If you perform lots of volume with an under/over grip and you don't or can't swap hand position regularly then you will probably see muscle imbalances in the following areas:

 

  • a bigger bicep on the 'under' side

  • a bigger lat on the 'under' side

  • a lower shoulder on the 'under' side

  • trap imbalances

Ideally, we'd like to avoid these imbalances. It's not just because these imbalances can potentially lead to pain but the imbalances can lead to issues such as having to lay wonky during the bench press because of the pronounced difference in musculature on the left and right-hand side as Alan Thrall has spoken about on his Youtube channel. We'll put in that video below so you can listen to how under/over imbalances affected him.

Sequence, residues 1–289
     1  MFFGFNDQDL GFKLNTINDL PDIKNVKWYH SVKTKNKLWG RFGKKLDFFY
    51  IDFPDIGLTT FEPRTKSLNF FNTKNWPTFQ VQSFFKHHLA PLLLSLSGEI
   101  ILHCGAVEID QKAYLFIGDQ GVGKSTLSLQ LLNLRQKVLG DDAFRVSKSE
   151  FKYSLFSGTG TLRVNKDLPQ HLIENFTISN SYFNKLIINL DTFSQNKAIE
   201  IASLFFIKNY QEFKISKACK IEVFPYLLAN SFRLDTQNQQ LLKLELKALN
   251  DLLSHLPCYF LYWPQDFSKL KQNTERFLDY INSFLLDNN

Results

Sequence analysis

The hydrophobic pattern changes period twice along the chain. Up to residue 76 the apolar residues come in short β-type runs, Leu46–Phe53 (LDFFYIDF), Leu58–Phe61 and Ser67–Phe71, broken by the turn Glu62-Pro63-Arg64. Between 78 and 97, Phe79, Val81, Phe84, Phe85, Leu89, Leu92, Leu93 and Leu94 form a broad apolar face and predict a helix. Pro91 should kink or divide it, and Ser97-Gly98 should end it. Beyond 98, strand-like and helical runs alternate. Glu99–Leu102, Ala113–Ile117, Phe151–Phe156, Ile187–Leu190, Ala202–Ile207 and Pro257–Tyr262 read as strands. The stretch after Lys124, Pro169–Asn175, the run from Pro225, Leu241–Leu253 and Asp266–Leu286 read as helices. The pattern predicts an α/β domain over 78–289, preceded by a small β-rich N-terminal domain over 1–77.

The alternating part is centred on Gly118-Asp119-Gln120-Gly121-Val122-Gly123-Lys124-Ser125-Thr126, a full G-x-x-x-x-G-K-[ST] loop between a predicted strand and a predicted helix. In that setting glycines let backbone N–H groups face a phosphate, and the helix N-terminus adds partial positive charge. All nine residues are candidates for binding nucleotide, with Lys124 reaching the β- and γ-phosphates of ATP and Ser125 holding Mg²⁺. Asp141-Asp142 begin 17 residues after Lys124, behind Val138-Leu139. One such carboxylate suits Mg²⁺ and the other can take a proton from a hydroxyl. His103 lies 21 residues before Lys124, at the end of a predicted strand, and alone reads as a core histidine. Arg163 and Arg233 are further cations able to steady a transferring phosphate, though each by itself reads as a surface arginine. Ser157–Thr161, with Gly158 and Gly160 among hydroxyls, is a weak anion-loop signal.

When the under/over grip is effecting your other lifts in such as way, it's time to either modify how you use the under/over grip to minimise risk of to stop using the under/over grip for good to give you a greater chance of staying injury and pain free for as long as possible.

 

Do you have obvious muscle imbalances because of under/over grip?

 

If you do I would suggest learning to switch your under/over-hand regularly. I have to add that for many people who only under/over one way normally find switching their hands to be a disaster. If you are one of those people either hook grip, a double-overhand grip or using straps for the majority of your training will probably be the best strategy for staying injury-free and being as strong as possible.

 

If you don't have imbalances due to under/over grip then fantastic news, you are probably onto a winner. Keep it up.

 

NO MATTER WHAT YOU TRY DOES THE BAR ALWAYS ROTATE AWAY FROM THE SHIN ON THE SAME SIDE AS YOUR 'UNDER' HAND?

 

As I said in part 1, this is what happened during every single rep while I slammed my head into the under/over wall for numerous years.